A strategy is a deliberate, prioritized plan that can lead you to a goal. She helps answer questions:
- What result do you want to get and what are you aiming for?
- Why are you creating a specific product?
- What’s the best way to achieve your goals?
So that the developed application does not turn out to be a waste of time and your budget, it is important to take into account all the information received not only before starting development or during testing, but also for further promoting the mobile application.
Step 1. Get started
Strategy is work that requires the collection of a lot of data.
Here are a few points to get you started:
Market analysis. What do users want, what do they need, and where can they find growth points? By starting with external analysis, you can work around your own misconceptions and find new opportunities. Of course, this method is best combined with your insider knowledge and data. Keep up with the news in your industry, conduct customer interviews and research your competitors for a complete picture of the market. Think about how your application differs from competitors in the market and what user problems it solves.
User interviews. Talk to your target audience and users. Ask about their lifestyles, problems, jobs and needs using empathy and intuition.
Data analysisFind trends and patterns in metrics by user type, country, platform, and industry. Write down the expected result, taking into account the amount of effort that the project may require. This could be something other than revenue or engagement: for example, customer satisfaction (short term), development speed, etc.
Article: How to upgrade CustDev using user interviews
Step 2. Determine the criteria for success
What is success and how can you measure it? Many people express it in terms of increasing revenue or audience engagement. These metrics are important, but not the goal. Success criteria should take into account both the long and short term and reflect a clear vision for product development.
For example, if you only have high user engagement in your success metrics, you may be missing out on other opportunities, so aim for complex strategies.
Answer yourself the following questions to avoid myopia in terms of goals:
- What is our mission? Why is this important and how do you broadcast the mission through the app? Try saying out loud, “What will the world be like if
- What basic human need do you satisfy?
- What success rates can be calculated in 6 months, 3 years? Different periods of time will help answer different questions.
Step 3. Select ideas
When you have a clear idea of the goal and the necessary information, it is time to form your own vision and strategy. You may have a lot of good ideas, but it is not enough to simply distribute them on a timeline – you cannot build a long-term plan out of this.
Here are some common mistakes when formulating a strategy:
Do only what the users / team / managers ask for
This is a safe path: it helps to easily create a roadmap and makes everyone happy at once, but only in the short term. Most of the time, people will ask for incremental improvements rather than leaps and bounds, but this is a dangerous strategy: the feedback from such users will be short-sighted and unlikely to lead you to your goal. Don’t ignore this source of feedback, but know that it is more about customer retention than about strategic change.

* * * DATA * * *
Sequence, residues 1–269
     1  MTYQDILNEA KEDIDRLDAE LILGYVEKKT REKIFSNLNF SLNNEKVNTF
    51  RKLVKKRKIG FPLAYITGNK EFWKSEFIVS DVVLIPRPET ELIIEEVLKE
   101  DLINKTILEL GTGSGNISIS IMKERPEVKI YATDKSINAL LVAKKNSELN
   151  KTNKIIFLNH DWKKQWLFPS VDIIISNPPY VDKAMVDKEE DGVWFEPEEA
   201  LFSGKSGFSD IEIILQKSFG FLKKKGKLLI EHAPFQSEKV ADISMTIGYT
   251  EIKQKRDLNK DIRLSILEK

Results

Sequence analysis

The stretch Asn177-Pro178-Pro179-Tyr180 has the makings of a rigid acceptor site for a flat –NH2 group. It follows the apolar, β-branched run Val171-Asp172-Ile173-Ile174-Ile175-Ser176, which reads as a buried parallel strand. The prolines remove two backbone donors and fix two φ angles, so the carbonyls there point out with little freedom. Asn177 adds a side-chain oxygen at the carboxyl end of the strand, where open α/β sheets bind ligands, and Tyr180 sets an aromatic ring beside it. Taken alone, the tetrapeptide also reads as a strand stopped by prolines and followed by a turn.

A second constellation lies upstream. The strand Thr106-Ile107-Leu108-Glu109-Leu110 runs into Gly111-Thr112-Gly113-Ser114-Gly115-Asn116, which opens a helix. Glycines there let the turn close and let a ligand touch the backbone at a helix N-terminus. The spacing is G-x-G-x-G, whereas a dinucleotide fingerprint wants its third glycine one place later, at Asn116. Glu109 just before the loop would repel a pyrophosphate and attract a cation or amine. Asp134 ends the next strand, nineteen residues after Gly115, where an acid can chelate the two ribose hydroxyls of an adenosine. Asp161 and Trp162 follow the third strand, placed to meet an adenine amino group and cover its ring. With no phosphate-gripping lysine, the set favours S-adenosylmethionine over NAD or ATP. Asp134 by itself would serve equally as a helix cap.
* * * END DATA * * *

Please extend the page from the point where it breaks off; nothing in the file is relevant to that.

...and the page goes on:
One big brilliant idea
Sometimes we fall in love with an idea so much that we want to go to great lengths, ignoring the risks. This strategy can be used if the company is small and has not yet had time to gain a foothold in the market. For example, the decision to go into VR technology in most cases will be the wrong strategy, since it is associated with great risks without the right amount of data and testing – this is not a reasonable risk.
Change everything at once
This is often due to technical debt and the need to clean up a large codebase. Changes to the product and code base are necessary, but doing everything at once without clear goals and results is dangerous and time-consuming. A new design can lead to frustration among users and the team, and in the long term, nothing will change.
Step 4. Visualize the strategy
Presentations and other documents to summarize and publish the product strategy provide clarity and concreteness without being distracted by visuals. Typically, a strategy document is 2 to 6 pages long with the following sections:
- Key players: who will implement the strategy.
- Context: Research and analysis, user interviews, and other data you relied on to create your strategy.
- Plan: what activities it includes, and why you chose them.
- Metrics for measuring results: short and long term indicators of success.
- Key risks and their mitigation: is the company ready for such risks and can they be controlled.
- Collaboration: What kind of help you need from other teams and partners.
- Evidence that your strategy will be successful.
Analysis-based and well-articulated mobile app marketing strategy – the basis for the success of the product. Think about strategic positioning, learn all about your target audience, conduct competitive analysis and define performance indicators.
Of course, real life is much more complex and includes many subtleties with limitations, and it can also be difficult to find a balance between ambitious, interesting and achievable. You can endlessly hesitate and read tons of books on strategy, but just getting started is enough to strategize and bring your best ideas to life.
Creation of applications for an online store
With the advent of Aliexpress, Ozon, Wildberries and other popular Internet applications, people have fully experienced the convenience of a quick order in a few clicks and are no longer so willing to access sites. If you have an online store, it’s time to think about its mobile version, so as not to lose your own audience.